iconic painting Leonardo da Vinci It has been one of the most talked about artworks for decades.I, like anyone else, got caught up in its hype and went Paris see it in The Louvre Museum. A lot has changed over the years, and now as I become my own artist, I’m starting to wonder what’s so special about this painting.Let’s face it, there are better paintings out there like starry night Vincent van Gogh and Birth of Venus Sandro Botticelli. Leonardo was also not the only famous painter of his era.His work is always compared to his competitors, such as Michelangelo and Raffaello Sanzio da Urbino. The painting, dated around 1503-1506, has the most expensive insurance policy in history, worth $100 million in 1962, equivalent to $650 million in 2018.
When Leonardo painted Mona Lisa, he would never have imagined it would be hanging behind bulletproof glass in a French museum five centuries later. I remember queuing up to see this painting at the museum and having a hard time taking a look at it because of the crowd around me. At first, it looked intimidating – there was bulletproof glass protecting it. However, as I approached it, I noticed that it was a very soft portrait of an ordinary woman sitting in a chair, wearing a thin black veil, with a soft smile on her face. In the eyes of viewers who do not understand artistic techniques, this is a very simple painting.talk about the veil Mona LisaThe head is not as obvious as it is talked about. In the 19th century, Leonardo was not only considered a good painter, but also a great inventor.this Mona Lisa However, it became popular after 19th century writers began to show interest in the painting – mainly because of the artistic technique Leonardo used to make the painting unique – SFUMATO.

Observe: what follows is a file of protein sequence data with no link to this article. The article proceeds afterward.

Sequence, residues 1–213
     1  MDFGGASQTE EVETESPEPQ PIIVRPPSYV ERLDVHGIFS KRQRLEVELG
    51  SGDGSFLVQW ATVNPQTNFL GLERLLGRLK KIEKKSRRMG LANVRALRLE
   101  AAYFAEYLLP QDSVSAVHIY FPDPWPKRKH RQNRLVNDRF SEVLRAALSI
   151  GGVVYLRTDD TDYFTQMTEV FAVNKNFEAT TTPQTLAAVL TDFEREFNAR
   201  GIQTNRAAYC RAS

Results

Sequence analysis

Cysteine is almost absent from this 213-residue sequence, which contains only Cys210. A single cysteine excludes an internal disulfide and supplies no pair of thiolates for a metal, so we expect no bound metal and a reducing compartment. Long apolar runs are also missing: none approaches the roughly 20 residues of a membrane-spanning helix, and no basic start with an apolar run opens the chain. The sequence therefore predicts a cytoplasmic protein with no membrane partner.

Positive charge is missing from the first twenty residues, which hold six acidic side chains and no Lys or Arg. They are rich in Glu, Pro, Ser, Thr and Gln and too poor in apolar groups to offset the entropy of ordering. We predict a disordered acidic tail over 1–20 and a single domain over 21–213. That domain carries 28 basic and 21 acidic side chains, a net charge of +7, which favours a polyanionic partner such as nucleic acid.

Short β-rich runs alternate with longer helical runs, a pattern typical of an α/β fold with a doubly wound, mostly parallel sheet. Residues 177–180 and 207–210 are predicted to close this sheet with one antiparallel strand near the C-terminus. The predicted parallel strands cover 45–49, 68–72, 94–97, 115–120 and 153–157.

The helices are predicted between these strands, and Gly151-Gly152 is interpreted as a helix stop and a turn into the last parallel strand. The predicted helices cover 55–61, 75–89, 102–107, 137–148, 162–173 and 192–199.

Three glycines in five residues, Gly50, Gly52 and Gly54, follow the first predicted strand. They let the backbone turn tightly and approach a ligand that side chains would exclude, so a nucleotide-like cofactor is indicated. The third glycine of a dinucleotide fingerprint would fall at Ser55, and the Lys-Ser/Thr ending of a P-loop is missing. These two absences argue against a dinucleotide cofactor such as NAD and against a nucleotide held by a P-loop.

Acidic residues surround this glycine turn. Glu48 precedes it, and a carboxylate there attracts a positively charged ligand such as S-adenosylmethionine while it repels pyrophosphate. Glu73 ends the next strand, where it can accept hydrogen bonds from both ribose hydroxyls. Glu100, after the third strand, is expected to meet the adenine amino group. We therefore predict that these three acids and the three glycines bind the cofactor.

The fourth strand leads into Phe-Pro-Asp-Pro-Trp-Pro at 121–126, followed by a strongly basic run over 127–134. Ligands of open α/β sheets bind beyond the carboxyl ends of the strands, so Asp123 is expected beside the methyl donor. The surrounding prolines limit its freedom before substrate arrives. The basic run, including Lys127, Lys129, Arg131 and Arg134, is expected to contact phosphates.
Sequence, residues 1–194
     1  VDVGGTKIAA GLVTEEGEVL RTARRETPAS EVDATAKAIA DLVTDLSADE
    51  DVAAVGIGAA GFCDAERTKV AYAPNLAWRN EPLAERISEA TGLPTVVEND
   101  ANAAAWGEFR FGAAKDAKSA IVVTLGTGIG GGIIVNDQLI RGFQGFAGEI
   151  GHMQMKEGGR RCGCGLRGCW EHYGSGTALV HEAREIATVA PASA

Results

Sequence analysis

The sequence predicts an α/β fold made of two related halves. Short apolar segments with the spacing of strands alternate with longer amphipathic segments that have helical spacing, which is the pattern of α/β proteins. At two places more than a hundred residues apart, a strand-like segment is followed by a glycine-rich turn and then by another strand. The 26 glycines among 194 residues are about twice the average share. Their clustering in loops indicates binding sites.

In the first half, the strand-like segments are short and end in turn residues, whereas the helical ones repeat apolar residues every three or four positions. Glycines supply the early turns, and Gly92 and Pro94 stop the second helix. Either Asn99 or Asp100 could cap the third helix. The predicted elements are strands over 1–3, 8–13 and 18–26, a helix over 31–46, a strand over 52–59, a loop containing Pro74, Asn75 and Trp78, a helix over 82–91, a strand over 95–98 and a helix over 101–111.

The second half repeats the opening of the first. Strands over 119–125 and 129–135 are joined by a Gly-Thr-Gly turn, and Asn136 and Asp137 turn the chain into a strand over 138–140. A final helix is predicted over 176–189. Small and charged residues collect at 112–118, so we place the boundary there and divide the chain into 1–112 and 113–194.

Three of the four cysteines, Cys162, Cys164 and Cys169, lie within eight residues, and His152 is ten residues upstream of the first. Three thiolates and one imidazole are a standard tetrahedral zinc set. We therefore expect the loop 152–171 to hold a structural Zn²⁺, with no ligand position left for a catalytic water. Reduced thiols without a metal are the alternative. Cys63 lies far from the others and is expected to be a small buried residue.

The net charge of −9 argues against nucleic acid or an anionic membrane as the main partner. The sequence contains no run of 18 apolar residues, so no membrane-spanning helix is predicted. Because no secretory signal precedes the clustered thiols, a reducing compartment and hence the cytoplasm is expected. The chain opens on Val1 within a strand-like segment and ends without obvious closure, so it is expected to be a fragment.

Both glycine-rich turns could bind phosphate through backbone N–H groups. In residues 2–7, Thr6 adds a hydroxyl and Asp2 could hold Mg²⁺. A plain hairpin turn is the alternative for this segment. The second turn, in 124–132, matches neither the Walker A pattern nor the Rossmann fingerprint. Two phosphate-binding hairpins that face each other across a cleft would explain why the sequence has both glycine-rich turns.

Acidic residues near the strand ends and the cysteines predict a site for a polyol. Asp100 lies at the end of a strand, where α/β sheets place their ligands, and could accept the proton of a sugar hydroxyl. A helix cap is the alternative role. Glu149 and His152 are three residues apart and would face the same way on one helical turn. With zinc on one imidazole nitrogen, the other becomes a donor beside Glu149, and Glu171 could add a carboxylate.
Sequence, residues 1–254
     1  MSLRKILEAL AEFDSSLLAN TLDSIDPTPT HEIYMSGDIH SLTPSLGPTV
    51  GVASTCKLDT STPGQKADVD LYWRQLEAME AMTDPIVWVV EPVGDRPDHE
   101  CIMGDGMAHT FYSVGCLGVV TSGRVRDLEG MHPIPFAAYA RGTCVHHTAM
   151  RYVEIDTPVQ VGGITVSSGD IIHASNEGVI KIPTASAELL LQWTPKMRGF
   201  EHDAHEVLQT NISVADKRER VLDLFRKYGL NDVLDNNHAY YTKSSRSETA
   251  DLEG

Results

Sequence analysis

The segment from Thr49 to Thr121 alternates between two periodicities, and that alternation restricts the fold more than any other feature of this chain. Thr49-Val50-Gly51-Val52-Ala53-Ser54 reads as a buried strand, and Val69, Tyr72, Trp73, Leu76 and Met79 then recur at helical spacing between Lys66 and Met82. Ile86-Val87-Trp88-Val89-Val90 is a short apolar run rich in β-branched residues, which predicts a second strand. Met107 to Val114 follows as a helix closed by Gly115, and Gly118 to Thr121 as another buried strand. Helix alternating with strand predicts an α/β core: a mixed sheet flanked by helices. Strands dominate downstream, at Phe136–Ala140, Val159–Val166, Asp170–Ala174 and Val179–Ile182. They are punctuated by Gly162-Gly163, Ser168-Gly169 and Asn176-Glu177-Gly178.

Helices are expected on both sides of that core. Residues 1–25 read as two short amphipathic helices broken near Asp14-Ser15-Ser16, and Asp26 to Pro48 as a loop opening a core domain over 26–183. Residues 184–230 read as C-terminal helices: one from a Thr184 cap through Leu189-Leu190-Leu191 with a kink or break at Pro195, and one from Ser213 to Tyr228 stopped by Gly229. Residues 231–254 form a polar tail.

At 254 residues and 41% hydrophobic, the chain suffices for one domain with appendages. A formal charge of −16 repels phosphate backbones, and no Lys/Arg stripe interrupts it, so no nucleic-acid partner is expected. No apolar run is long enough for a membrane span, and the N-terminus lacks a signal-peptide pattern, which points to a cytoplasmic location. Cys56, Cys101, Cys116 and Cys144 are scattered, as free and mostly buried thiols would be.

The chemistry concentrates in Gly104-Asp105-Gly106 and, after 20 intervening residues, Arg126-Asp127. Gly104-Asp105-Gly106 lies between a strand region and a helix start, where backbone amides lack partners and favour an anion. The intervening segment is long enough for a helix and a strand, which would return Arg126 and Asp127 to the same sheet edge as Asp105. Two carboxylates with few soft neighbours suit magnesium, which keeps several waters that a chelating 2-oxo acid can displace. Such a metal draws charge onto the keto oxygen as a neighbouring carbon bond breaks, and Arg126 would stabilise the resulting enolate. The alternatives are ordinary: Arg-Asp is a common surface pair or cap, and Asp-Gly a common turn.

The Mystery of the Nanny’s Identity
Over the years, the mystique surrounding the sitter in the painting seems to have deepened. It is widely believed that the painting was commissioned by Lisa Gherardini, the third wife of silk merchant Francesco del Giocondo. Sigmund Freud seems to think that the half-smile of the lady in the painting is a “restored memory of Leonard’s mother”. Due to certain male characteristics of the sitter, many artists considered the painting to be a self-portrait. Some even say that Leonardo painted an imaginary woman, or his ideal woman.
Other versions of the Mona Lisa
There is speculation that Leonardo created more than one version of the painting.One such piece was found in Switzerland, known as The Isleworth Mona Lisa. The Swiss Federal Institute of Technology in Zurich traces the painting back to Leonardo’s life. Astonishingly, the painting was allegedly hidden in a Swiss bank for 40 years before it was shown to the public in 2012. That same year, the Prado Museum in Madrid announced the discovery of another reproduction of a painting done by a student. Leonardo’s. People flocked to it because it gave a better indication of what the painting looked like at the time.
Early 20th Century, Mona Lisa Relatively unknown. But its fortunes changed in 1911, when it was stolen from the Louvre. The high-profile theft helped publicize and popularize the painting. If you go to a museum now, it’s impossible to move an inch without being caught by many cameras and security guards. Like everyone else, my interest was heightened because the painting was well preserved.
What made the robbery of 1911 all the more shameful Picasso One of the main suspects was arrested in the case. When Picasso came to Paris in 1900, he made a friend named Guillaume Apollinaire, who was a poet and had a secretary named Géry Pieret. Knowing Picasso’s love for the 3rd and 4th century Iberian sculptures that were on display at the Louvre at the time, Piet decided to steal a few of them from the museum. If it wasn’t obvious by now, stealing from the Louvre was a relatively easy task due to the lack of proper security. Picasso would actually go on to use the face of a statue in his famous 1907 masterpiece, Les Demoiselles d’Avignon. In 1911, Piet decided to steal more items from the museum, and when his boss Apollinaire found out, he kicked him out.Ironically, this happened on the same day Mona Lisa stolen.